SpaceX's most powerful rocket makes thunderous debut
A close-up look at the Falcon Heavy's 27 engines burning during ascent.
CAPE CANAVERAL, Fla. (FOX 13) - Pushed into the sky by the thundering blast of 27 engines, SpaceX’s strongest rocket yet blasted off from Kennedy Space Center on Tuesday before sending its boosters hurtling back to Earth for an intricate seaside double-landing.
The apparently successful test launch confirmed the Falcon Heavy as the world’s most powerful heavy-lift vehicle and marked another historic first for SpaceX.
"Crazy things can come true. I didn't really think this would work," company founder and CEO Elon Musk smiled after the launch. "I have confidence in the SpaceX team. I think we can really do this a lot."
The 230-foot-tall triple-core rocket – the most capable since the moon shots of the 1960s – lifted off from the very same Florida launch pad where NASA’s Apollo astronauts began their journeys to the moon. But unlike those famed Saturn V rockets, the Falcon Heavy was developed privately with the intention of being reused.
A few minutes after the fiery liftoff, six sonic booms cracked across Cape Canaveral as two of the Falcon Heavy’s booster rockets – both of which have previously launched payloads into space individually – made a dramatic simultaneous return to land. SpaceX has made booster recycling nearly routine as part of its quest to lower launch prices, but this was the first time that two boosters landed together in one launch.
The rocket’s main first stage was later expected to land on a barge out at sea, the company said, but failed when it ran out of fuel to re-ignite its landing engines.
Before the flight, Musk said he felt the mission had only a 2-out-of-3 chance of success. Despite those odds, he was apparently willing to risk his own car as a test payload.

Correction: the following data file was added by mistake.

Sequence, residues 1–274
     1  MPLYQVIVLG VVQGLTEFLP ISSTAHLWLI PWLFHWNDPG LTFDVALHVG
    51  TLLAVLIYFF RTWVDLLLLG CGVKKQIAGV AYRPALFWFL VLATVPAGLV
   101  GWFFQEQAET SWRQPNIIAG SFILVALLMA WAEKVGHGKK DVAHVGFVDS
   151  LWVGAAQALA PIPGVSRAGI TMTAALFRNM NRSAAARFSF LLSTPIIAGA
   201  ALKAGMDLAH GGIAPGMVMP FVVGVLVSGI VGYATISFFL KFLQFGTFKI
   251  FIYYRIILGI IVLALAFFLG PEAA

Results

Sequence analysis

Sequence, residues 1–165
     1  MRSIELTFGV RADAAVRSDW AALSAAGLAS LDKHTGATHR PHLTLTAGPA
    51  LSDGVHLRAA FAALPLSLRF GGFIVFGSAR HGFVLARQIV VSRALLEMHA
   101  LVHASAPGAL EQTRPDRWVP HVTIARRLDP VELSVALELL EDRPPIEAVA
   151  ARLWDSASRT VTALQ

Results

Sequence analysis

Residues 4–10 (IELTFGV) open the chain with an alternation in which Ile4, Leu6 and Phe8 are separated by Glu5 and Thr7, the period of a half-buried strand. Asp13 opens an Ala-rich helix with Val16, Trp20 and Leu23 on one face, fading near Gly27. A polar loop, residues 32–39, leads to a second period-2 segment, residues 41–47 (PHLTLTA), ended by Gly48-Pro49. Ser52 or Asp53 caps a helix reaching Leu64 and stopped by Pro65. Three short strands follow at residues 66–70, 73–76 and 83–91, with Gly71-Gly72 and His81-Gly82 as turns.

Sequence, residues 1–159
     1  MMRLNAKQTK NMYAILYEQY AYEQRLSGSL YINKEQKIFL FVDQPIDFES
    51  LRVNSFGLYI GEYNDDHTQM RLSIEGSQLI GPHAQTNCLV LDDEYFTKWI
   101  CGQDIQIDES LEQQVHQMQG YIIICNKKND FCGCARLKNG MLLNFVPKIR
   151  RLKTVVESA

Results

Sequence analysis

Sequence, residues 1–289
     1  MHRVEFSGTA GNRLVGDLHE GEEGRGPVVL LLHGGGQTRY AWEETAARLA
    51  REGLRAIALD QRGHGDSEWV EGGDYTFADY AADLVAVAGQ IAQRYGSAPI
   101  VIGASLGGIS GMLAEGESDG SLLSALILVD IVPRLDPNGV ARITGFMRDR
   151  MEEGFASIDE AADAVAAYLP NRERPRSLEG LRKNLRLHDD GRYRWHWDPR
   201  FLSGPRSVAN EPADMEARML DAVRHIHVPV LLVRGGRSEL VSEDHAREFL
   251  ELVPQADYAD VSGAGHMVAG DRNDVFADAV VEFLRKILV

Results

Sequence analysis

Shrouded inside the rocket’s nose cone was Musk’s personal first-edition red roadster made by Tesla another company he owns. The roadster is now on its way to a solar orbit stretching out to Mars; Musk promised it would be playing David Bowie along the way.
If that wasn’t imaginative enough, there was also a ‘passenger’ aboard. A mannequin Musk dubbed ‘Starman’ was propped in the driver’s seat, clad in a SpaceX spacesuit like the one that astronauts will wear when the company begins ferrying crews to and from the space station, possibly as soon as the end of the year.
Video footage provided by SpaceX showed a few glimpses of the cherry red roadster in orbit, in striking contrast to the blue of the earth. Musk later tweeted a link to live video being fed back from the 'spacecraft.'
"It's a normal car. In space. I like the absurdity of that," Musk said. "Normally for a new rocket, they'd launch a block of concrete or something. That's so boring. And the imagery of it is going to get people excited around the world. It's still tripping me out."
While the Starman stunt generated a lot of lighthearted Twitter conversation, Musk was serious about his company’s role in space. He hopes his cheaper, more powerful rockets will lead to more regular flights, including manned missions to the moon and, eventually, Mars.
"It is going to be our focus after we're done with Falcon 9 and Falcon Heavy," he added. "Most of our engineering resources will be devoted to [Mars]."
POWERFUL: The Falcon Heavy is twice as capable as its next competitor, but it’s not the most powerful rocket in history. That title still belongs to the Saturn V, which launched from the same pad in the 1960s and 1970s.
ALL THOSE ENGINES: Twenty-seven engines firing on one first stage may seem like a lot, but it’s not unprecedented. The Saturn V was powered by five strong engines, but its Soviet counterpart boasted 30. Of course, the N1 rocket, as it was known in the West, failed on four out of four launches – mostly due to errors with the engines or the computers tasked with monitoring and controlling them – and the Soviets never made it to the moon.
BEST WISHES: Amazon founder Jeff Bezos tweeted a good-luck message to Musk in a rare display of sportsmanship. Bezos also owns Blue Origin, a space company designing rockets that take off and land much like SpaceX’s at a brand-new KSC factory, and the two billionaires often appear more competitive than friendly on Twitter.
MEANWHILE AT NASA: SpaceX has been leasing NASA’s launch pad 39A, but its sister pad remains unused since the end of the shuttle program. NASA is developing its own heavy-lift rocket for pad 39B that it plans to use to boost an Orion crew capsule around the moon some time in the next few years. An unmanned Orion capsule made its first test flight aboard a Delta IV Heavy rocket in 2014.
WATCH THE FULL LAUNCH: